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I heard some opinions that mc cannot be installed on a Linux server just because somebody wants to.

My point is: The MC is quite a convenient tool to use, very useful and powerful, with a helpful interface, and it should be installed by default, or installed just on demand. I'm feeling like a handless without it, having to cope with cd, cp, mv commands all the time and vim instead of mcedit (which unfortunately I used to use for a long time and which is much easier than vim).

Am I right, that it is very convenient to have it in a Linux dev environment? Or I'm just wrong, and it is not very common software among the developers and Linux users, and I have to use more basic shell commands instead?

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closed as not constructive by Zoredache, slhck, Nifle, Simon Sheehan, Ƭᴇcʜιᴇ007 Mar 3 '12 at 20:25

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We don't really encourage questions that ask for opinions. It might be unusual for Linux professionals to use MC, but what does it matter? Where is the practical problem you want to solve? It surely would be good for you to learn basic Unix commands at some point, but it depends on what personal goals you want to achieve and what environment you work in. –  slhck Mar 2 '12 at 9:38
    
@slhck I know basic commands, I'm writing shell scripts. But, I have a feeling that I spend more time typing command cp with all needed arguments instead of just pressing F5 in mc. So it's not the question of ability, it's question about efficiency –  javagirl Mar 2 '12 at 9:49
    
I understand. Well, in a way MC can be convenient for anybody. It's hard to answer the question. There's in fact no reason not to include it in a distribution except for saving space, but since few people (at least professionals) use it, it also makes sense to leave it out. –  slhck Mar 2 '12 at 9:53
    
@slhck Ok, so maybe I want to hear the real arguments, why only few people (at least professionals) use it? They like to look like linux geeks typing and typing in the console? it's some sort of snobism? :) –  javagirl Mar 2 '12 at 9:59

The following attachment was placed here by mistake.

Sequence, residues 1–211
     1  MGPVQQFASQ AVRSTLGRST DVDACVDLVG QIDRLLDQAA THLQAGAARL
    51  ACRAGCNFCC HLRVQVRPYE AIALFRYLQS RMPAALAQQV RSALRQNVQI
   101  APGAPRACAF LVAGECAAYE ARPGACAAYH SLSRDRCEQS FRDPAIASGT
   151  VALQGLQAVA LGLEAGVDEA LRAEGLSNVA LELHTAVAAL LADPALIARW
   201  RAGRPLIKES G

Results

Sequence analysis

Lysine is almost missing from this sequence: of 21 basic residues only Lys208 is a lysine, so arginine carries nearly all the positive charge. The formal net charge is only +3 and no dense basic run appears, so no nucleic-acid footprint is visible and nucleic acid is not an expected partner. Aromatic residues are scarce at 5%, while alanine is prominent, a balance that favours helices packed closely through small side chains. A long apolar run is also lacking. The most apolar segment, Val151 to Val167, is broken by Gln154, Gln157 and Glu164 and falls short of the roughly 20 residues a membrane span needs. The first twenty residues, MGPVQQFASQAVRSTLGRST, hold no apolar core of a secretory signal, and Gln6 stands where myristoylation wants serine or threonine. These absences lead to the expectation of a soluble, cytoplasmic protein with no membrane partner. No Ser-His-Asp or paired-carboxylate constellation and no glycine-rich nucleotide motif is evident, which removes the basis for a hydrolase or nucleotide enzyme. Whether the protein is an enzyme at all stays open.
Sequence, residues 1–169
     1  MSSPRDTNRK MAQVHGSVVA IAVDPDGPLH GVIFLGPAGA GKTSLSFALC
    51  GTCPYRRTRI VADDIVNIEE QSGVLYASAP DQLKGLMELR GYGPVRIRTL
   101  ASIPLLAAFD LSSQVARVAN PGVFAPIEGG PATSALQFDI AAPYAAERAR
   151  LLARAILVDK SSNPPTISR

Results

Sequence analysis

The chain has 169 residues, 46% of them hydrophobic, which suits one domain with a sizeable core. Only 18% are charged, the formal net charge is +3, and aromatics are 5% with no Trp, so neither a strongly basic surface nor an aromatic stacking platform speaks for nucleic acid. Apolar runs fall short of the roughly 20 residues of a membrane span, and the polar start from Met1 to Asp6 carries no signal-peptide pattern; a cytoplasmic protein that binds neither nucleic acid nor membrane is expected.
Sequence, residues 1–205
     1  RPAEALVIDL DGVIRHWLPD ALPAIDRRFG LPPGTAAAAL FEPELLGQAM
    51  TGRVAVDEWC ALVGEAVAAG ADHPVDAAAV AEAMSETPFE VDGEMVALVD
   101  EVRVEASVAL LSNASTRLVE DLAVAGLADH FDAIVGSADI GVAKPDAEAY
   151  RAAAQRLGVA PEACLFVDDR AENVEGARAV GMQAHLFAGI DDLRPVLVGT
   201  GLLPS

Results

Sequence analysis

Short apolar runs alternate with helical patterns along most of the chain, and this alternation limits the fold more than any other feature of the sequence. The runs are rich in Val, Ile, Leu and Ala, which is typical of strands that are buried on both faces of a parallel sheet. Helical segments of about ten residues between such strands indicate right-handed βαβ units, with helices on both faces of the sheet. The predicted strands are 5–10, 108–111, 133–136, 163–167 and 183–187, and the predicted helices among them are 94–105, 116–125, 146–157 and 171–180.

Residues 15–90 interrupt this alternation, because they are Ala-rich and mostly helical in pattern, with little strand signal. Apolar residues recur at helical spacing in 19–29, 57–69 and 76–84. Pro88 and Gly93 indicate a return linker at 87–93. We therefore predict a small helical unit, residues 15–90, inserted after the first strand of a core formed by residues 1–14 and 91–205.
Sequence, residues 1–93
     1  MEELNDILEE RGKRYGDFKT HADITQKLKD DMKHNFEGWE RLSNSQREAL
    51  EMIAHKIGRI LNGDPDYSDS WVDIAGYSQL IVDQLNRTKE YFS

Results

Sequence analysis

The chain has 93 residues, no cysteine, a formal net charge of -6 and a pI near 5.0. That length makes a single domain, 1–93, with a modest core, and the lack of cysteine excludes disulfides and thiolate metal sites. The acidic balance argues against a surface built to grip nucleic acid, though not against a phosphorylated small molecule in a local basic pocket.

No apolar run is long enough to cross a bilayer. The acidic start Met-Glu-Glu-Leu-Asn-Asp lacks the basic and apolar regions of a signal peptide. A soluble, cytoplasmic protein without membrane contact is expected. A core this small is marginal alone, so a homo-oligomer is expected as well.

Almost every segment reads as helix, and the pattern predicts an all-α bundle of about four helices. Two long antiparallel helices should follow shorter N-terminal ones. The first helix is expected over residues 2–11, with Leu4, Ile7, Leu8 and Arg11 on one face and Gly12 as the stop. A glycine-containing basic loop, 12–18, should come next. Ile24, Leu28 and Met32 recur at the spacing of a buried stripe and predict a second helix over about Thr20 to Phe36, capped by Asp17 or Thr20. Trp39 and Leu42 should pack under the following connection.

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I don't know – (un)fortunately, Super User is not a discussion forum. I'm sure you can visit Super User Chat or the Unix & Linux chat and ask people what they think about it though ;) –  slhck Mar 2 '12 at 10:01

1 Answer 1

If you want to, then use it. Most linux developers do not, but But you should be proficient with the command-line utilities as well in case you need to use someone else's system, or if you need to write a shell script which would not be able to interact with the MC interface. vim isn't the only option - emacs is another full-functioned text editor and nano is a simple, barebones option, both available by default on most linux installations.

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thanks for nano, I didn't knew about it. Looks like it has more human helpful interface than vim/emacs –  javagirl Mar 2 '12 at 9:19
    
and I'm quite proficient in writing scripts, but it's just easier to not spending the time typing all that commands –  javagirl Mar 2 '12 at 9:20
    
Good. You just don't want to get to the point where you're using MC as a crutch rather than a tool, so you can still work without it if you're forced to. Scripting is one example of that. –  Dan Mar 2 '12 at 9:28
    
I can work without it of course. I just know that typing long command (for example. You have to copy some files from one folder to another. And, you forget the location of folder. tab is not an option, you can spend ages sorting out right folder if you just forgot the name. You probably will need to run some ls commands before cp. INSTEAD, in mc, you just press some 'insert' several times, one 'tab' and then F5!) takes more time than doing it in the MC –  javagirl Mar 2 '12 at 9:55

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